The Obama Department of Health and Human Services (HHS) released an official policy directive rewriting the welfare reform law of 1996. The new policy will grant waivers allowing states to bypass the federal work requirements that serve as the foundation of the reform law.
The welfare reform law passed under former President Clinton replaced the old Aid to Families with Dependent Children with a new program called Temporary Assistance for Needy Families (TANF). The idea was that able-bodied adults should be required to work or prepare for work as a condition of receiving aid.
The welfare reform law was very successful. In the four years after it’s passage, the caseload dropped by nearly half, employment surged and child poverty among affected groups plummeted. The driving force behind these gains was the new federal work requirements contained in the TANF law.
The Obama Administration’s new directive states that the traditional TANF work requirements can be waived or overridden by a legal device called the section 1115 waiver authority under the Social Security law (42 U.S.C. 1315).
Section 1115 states that “the Secretary may waive compliance with any of the requirements” of specified parts of various laws listed in section 1115. The work provisions of the TANF program are contained in section 407. Of the roughly 35 sections of the TANF law, only section 402 is listed as waiveable under section 1115.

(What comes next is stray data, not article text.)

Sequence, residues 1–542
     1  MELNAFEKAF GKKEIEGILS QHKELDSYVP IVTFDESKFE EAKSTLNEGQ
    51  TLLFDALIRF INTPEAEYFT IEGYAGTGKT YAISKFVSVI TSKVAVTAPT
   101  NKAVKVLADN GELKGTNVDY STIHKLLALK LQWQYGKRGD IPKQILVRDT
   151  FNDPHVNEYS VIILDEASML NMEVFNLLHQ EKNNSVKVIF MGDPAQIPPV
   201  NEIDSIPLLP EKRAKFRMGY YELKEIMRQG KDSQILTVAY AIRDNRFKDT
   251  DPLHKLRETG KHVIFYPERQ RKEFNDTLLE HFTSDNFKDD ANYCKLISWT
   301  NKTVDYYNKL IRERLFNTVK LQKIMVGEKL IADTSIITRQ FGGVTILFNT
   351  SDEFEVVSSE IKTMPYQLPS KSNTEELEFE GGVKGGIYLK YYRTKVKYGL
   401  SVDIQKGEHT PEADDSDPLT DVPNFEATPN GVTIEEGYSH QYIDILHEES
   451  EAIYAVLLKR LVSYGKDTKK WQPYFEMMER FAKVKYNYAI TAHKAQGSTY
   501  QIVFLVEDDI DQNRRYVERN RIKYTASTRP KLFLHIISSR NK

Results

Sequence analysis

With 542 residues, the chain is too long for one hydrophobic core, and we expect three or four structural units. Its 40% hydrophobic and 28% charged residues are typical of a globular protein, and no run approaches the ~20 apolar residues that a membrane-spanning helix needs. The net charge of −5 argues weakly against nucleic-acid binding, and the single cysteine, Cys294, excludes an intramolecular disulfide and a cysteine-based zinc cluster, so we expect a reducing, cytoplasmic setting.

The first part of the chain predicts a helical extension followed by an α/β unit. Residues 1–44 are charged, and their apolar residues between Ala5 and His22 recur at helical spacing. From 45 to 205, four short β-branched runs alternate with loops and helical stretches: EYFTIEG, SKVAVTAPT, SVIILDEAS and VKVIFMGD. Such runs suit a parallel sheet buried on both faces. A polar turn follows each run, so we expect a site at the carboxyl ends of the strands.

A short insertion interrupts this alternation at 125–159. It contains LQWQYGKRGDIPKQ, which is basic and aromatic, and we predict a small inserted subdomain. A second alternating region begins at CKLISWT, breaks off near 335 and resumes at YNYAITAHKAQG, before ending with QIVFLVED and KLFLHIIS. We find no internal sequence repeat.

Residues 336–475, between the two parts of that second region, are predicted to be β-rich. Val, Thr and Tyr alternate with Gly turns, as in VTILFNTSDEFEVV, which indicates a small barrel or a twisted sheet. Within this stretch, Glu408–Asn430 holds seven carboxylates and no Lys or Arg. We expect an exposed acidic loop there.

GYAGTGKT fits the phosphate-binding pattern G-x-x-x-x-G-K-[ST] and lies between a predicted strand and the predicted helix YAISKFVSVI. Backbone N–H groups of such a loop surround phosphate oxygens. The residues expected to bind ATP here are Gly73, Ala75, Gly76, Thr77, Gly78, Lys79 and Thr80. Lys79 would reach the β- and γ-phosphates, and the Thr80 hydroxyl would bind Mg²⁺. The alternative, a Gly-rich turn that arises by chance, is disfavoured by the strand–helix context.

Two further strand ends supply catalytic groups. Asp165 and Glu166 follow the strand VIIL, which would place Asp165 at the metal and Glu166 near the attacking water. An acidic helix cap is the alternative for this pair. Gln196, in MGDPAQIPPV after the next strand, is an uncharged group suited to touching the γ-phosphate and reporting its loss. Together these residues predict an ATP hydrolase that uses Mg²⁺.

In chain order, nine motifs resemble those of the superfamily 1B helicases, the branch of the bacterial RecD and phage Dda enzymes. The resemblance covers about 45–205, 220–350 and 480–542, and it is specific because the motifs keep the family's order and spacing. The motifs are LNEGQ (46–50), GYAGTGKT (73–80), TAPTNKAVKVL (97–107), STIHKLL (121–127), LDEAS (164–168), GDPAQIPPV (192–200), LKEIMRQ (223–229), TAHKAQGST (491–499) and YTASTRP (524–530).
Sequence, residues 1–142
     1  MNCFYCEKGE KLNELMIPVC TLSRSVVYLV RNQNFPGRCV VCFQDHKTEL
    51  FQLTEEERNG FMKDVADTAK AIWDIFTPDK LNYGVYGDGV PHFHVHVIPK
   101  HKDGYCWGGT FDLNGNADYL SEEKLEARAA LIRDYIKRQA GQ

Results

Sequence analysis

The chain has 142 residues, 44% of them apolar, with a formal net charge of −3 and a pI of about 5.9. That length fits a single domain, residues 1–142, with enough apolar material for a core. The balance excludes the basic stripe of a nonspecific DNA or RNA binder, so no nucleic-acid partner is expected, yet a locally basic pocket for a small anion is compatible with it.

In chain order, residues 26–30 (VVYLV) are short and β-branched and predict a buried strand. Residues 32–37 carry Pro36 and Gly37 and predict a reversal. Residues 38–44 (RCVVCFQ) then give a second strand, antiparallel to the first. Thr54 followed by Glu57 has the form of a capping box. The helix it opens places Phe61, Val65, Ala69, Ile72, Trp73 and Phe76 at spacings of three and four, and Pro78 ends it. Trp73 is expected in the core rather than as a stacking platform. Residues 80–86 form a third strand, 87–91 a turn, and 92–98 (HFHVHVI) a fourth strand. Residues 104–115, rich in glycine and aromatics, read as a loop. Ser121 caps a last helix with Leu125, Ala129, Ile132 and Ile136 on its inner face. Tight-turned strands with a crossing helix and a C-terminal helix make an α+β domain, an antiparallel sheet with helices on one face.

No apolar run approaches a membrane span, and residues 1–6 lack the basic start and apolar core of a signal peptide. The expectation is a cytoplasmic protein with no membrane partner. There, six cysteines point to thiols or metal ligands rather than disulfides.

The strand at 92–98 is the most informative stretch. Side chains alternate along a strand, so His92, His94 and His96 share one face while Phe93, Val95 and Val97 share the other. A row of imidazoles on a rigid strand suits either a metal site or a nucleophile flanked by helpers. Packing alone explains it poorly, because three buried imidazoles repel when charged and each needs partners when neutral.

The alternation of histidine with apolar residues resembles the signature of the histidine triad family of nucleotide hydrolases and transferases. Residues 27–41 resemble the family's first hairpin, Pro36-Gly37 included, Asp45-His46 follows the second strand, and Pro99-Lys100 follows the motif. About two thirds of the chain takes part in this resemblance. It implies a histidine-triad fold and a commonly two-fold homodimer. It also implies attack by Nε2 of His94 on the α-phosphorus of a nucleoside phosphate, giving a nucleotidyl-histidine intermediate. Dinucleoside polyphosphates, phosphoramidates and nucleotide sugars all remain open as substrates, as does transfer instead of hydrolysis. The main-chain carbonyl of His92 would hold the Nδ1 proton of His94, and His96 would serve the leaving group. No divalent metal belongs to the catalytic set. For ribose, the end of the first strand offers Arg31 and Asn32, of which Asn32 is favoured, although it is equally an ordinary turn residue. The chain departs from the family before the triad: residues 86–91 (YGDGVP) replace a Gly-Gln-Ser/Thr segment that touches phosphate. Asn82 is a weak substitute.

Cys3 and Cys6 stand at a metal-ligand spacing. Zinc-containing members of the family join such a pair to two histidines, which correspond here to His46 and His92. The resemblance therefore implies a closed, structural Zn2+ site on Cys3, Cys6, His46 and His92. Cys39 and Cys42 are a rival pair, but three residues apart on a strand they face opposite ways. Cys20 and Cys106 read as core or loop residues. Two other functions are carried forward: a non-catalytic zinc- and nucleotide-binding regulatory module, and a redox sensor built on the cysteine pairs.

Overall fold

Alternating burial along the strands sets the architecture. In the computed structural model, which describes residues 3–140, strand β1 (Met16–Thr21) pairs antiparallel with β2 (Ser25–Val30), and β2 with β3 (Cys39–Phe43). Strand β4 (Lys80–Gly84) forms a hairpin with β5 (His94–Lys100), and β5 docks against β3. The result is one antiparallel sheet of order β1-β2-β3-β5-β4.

Section 402 describes state plans—reports that state governments must file to HHS describing the actions they will undertake to comply with the requirements established in the other sections of the TANF law. The authority to waive section 402 provides the option to waive state reporting requirements only, not to overturn the core requirements of the TANF program contained in the other parts of the law.
The Obama administration is asserting that because the work requirements, established in section 407, are mentioned as an item that state governments must report about in section 402, all the work requirements can be waived. This removes the core of the TANF program all together.
Obviously, if the Congress had wanted HHS to be able to waive the TANF work requirements laid out in section 407, it would have listed that section as waiveable under section 1115.
Congress did not do that, for reasons that are fairly obvious.